Companies that use the natural resource for profit pay no charge or royalty for the raw water they use — only a nominal ‘cess’ varying from State to State (a few paise per kilolitre).

There are no credible data available in the country on the quantum of the groundwater, surface or spring water that is being extracted and used by the bottled water and beverages industry, even in the authorised sector.

Companies that use the natural resource for profit pay no charge or royalty for the raw water they use — only a nominal ‘cess’ varying from State to State (a few paise per kilolitre).

Officials admit to proliferation of unauthorised manufacturers who are selling “just about any water — be it rainwater, river or nallah water” as ‘treated’ bottled water under different brand names.

The Water Resources Ministry puts the onus of ensuring quality (including display of composition of the packaged natural mineral or drinking water) and quantity on the Bureau of Indian Standards (BIS), which comes the Department of Consumer Affairs. Sources in the Ministry also point out that although “municipal water is cheapest and assured in quality” water pipelines cannot be laid in all nooks and corners of the country. Places devoid of municipal water supply are increasingly getting dependent on water tankers or bottled water for drinking purposes. The situation worsens during drought months.

Of the 5,842 blocks assessed in the country in 2009, 802 were over-exploited for groundwater; 169 blocks were critical; 523 were semi-critical; and 4,277 were safe.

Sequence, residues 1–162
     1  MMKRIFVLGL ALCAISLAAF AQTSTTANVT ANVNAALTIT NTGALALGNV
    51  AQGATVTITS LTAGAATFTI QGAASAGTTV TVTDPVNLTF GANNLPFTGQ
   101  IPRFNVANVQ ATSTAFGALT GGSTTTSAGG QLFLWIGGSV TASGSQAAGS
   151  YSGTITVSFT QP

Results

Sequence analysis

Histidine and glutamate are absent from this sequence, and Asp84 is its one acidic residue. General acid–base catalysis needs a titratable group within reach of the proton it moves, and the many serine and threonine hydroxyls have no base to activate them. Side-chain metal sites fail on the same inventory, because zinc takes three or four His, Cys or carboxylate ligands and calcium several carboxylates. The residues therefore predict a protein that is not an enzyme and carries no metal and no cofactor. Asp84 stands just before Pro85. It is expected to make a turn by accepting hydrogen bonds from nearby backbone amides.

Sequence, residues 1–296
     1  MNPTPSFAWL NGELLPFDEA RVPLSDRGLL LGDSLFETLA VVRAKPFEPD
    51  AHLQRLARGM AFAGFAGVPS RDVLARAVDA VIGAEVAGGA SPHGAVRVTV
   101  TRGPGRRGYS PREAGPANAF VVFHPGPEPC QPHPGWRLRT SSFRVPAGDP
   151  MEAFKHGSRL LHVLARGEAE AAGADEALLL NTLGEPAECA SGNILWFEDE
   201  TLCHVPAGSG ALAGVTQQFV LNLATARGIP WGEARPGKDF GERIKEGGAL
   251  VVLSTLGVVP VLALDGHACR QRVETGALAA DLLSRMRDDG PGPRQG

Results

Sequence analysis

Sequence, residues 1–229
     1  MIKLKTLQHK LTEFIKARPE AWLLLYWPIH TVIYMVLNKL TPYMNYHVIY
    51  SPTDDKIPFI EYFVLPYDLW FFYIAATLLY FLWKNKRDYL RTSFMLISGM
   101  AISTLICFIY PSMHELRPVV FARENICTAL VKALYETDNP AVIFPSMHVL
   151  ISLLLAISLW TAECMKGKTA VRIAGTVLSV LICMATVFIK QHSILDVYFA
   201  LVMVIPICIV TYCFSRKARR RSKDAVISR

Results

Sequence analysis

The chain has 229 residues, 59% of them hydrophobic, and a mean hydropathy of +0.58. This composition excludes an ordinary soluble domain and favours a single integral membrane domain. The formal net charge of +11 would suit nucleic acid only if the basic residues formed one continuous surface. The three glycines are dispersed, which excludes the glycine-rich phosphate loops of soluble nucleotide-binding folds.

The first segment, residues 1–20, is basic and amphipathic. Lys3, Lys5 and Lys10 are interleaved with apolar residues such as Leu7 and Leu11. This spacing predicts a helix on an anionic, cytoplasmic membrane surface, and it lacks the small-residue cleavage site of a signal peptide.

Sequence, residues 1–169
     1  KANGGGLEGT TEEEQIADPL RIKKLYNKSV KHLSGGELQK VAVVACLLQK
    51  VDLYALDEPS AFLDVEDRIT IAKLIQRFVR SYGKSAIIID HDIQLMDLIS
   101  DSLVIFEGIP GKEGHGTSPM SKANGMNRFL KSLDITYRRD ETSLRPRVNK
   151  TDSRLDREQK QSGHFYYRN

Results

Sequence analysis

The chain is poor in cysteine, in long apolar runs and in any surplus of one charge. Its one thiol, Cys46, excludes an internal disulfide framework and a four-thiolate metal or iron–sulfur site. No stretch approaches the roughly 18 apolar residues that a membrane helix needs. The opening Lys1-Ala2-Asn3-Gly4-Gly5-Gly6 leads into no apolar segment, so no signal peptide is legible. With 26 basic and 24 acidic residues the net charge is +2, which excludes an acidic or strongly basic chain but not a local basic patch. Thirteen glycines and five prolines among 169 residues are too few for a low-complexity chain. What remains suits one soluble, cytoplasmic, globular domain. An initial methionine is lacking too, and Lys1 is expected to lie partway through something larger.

Central Ground Water Board (CGWB) Chairman Sushil Gupta says the Board does not give permission for groundwater extraction in over-exploited zones. In critical areas, permission is given for extracting 50 per cent of the water the company can recharge; in semi-critical, excavation can be done equivalent to 100 per cent rechargeable water; and in safe zones 200 per cent of rechargeable water can be extracted.

The BIS has to ensure that any company or individual seeking quality certification for using groundwater as raw material has a no-objection certificate (NOC) from the CGWB. It also has to ensure compliance with physical, chemical and microbiological standards. But there is no systematic monitoring to ensure that excess quantities are not extracted and standards are being maintained as is obvious from the numerous brand names flooding the markets. The BIS could not be reached for comment.

The 14 States that have adopted the Central Model Ground Water Regulation Bill are free to give permission to beverages and bottled water companies for extraction of groundwater and more often than not, with little monitoring. For the States that do not have the Act in place, permission is taken from the Centre. Again, no permission is required or taken for drawing river, canal or natural spring water for bottling or use in soft drinks.

Union Secretary for Water Resources S.K. Sarkar feels the problem should have a long-term solution like mapping of aquifers to set limits on how much water can be extracted, at what place, with what recharge, at what distance between wells and at what depth.

The 12th Five-Year Plan will see three-dimensional aquifer mapping and participatory management to decide how much water can be allocated to various users, including industry.